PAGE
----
In a display of disregard for public opinion, leaders of the ruling Australian Labor Party (ALP) pushed through legislation in the lower house of parliament that will burden their nation with a whole new form of taxation: a carbon tax. Following the razor thin legislative ‘victory’ — a vote of 74 to 72 — opposition leader Tony Abbott of the Liberal Party (LP) gave a “pledge in blood” that his party would dismantle the new tax as soon as his party regains power.
According to an article for the Sydney Morning Herald, the massive legislation was pushed through the Australian parliament with an untimely rapidity reminiscent of President Obama’s effort to nationalize the American health care system. In the words of The Sydney Morning Herald:
Against last-minute efforts by the opposition to delay the passage of the bills and 11th-hour pleas for amendments by some business groups, the government passed its 18 pieces of legislation by a vote of 74 to 72 just before 10am. …
Opposition Leader Tony Abbott has vowed to repeal the legislation if he becomes prime minister, though the government has insisted he will not be able to manage that.
The bills were passed with help from crossbench MPs Rob Oakeshott, Tony Windsor and Andrew Wilkie, as well as Greens MP Adam Bandt.
The Competitive Enterprise Institute (CEI) and ActionAid USA decided to mark World Food Day on Sunday, October 16, by submitting (three days earlier) a formal complaint against Obama's Environmental Protection Agency (EPA). The organizations blame EPA's ethanol and biofuel programs for driving up global food prices by diverting important grains from food supplies, thereby exacerbating hunger and starvation worldwide.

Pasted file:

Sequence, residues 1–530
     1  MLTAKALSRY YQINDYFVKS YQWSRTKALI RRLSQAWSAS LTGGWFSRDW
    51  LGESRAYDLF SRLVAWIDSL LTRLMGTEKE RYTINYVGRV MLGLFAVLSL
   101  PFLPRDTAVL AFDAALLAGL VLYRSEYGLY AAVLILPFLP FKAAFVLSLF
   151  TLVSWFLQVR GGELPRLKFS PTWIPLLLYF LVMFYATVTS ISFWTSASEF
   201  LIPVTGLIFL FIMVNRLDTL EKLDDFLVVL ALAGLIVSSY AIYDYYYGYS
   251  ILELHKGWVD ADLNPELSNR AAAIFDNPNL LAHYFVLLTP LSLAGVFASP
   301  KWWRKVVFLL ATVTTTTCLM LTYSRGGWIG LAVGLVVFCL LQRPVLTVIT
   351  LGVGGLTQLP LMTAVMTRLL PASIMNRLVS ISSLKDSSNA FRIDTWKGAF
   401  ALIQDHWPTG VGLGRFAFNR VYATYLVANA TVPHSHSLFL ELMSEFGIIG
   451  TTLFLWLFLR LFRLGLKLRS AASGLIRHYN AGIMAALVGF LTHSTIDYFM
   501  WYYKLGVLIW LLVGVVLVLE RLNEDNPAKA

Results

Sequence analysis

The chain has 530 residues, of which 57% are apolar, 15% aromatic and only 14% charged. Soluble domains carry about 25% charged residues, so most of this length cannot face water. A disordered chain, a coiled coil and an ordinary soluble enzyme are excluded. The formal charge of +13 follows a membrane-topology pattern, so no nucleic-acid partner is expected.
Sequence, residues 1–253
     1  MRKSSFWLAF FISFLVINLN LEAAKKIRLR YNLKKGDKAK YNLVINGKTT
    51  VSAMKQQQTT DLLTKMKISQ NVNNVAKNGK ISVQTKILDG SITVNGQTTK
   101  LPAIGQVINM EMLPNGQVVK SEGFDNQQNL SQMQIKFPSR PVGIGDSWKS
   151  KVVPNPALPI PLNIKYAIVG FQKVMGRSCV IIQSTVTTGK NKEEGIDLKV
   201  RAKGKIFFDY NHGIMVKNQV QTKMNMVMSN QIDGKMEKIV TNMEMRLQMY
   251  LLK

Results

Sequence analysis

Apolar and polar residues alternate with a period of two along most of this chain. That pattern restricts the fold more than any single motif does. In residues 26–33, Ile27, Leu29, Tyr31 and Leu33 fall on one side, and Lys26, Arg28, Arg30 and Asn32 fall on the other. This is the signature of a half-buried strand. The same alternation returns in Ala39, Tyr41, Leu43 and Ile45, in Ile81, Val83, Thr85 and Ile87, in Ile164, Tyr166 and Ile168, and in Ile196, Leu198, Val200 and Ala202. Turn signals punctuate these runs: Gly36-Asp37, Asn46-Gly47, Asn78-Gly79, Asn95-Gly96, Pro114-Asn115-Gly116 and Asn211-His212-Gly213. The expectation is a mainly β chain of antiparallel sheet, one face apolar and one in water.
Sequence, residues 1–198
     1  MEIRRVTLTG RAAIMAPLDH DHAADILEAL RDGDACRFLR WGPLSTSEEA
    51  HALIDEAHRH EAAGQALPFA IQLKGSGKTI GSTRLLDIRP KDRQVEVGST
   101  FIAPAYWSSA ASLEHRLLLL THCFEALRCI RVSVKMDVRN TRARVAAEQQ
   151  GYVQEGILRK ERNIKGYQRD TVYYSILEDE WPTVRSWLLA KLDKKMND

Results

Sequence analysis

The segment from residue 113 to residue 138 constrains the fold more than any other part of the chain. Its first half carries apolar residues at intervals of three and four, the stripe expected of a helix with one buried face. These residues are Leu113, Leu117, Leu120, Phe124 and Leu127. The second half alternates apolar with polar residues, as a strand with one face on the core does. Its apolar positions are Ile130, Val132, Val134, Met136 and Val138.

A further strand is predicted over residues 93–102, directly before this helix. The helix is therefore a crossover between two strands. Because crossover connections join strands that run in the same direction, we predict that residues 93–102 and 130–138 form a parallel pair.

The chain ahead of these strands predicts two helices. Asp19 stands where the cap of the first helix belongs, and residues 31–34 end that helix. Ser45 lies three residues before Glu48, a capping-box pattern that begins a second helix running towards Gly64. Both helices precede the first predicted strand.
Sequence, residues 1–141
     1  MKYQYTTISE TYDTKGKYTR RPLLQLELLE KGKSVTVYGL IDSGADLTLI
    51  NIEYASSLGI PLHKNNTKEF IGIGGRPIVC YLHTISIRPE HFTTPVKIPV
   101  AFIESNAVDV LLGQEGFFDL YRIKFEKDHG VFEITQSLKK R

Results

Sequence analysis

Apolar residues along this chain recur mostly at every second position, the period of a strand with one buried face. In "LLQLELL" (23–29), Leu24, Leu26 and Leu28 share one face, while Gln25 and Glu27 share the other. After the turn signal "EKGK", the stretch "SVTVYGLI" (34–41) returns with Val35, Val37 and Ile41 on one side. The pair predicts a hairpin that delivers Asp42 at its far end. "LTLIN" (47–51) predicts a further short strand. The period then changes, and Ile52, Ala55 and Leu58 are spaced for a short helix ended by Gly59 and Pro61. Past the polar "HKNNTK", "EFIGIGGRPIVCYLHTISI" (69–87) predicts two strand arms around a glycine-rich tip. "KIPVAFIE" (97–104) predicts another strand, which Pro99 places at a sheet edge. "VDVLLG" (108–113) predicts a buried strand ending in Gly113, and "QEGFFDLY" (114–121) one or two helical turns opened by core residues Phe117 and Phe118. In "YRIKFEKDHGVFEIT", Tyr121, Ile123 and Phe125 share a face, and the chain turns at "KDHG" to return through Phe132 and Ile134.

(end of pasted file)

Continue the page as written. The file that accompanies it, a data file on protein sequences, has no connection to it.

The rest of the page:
CEI and ActionAid filed their complaint under the federal Data Quality Act, claiming that EPA glossed over the negative human and economic impacts of its recent biofuel regulations. In fact, the complaint points out that EPA's published analysis of its ethanol mandates does not even mention resulting hunger and starvation. Moreover, the claimants attest the analysis erroneously minimizes the mandates' economic impacts.
For example, EPA predicted a decrease in world food consumption of only 0.04 percent and "a relatively modest increase in annual household food costs associated with the higher prices commanded by corn and soybeans." Yet the complaint cites a peer-reviewed study published earlier this year that found EPA's biofuel mandates have severely aggravated chronic hunger and poverty in poor areas.
A Colorado landowner ignites his cigarette lighter and holds it close to tap water running from a faucet in his home. A few seconds pass, and the single flame bursts into a ball of fire that sends the man reeling backward.
This shocking scene appears in the 2010 documentary Gasland, produced and directed by filmmaker Josh Fox, which he touts as an exposé on the evils of a particular method of drilling for natural gas called hydraulic fracturing or “fracing,” pronounced “fracking.” Fox claims that nearby drilling contaminated area groundwater, causing the fireball to burst from that Colorado tap.
What Fox ignores is the fact that the landowner, Mike Markham, lodged a complaint with the Colorado Oil and Gas Conservation Commission (COGCC) in May of 2008, and while investigators did find methane in Markham’s well water, they determined it to be strictly from natural sources. “There are no indications of oil and gas related impacts to [the] water well,” reads the report, and the regulatory agency declared the issue resolved in September of the same year.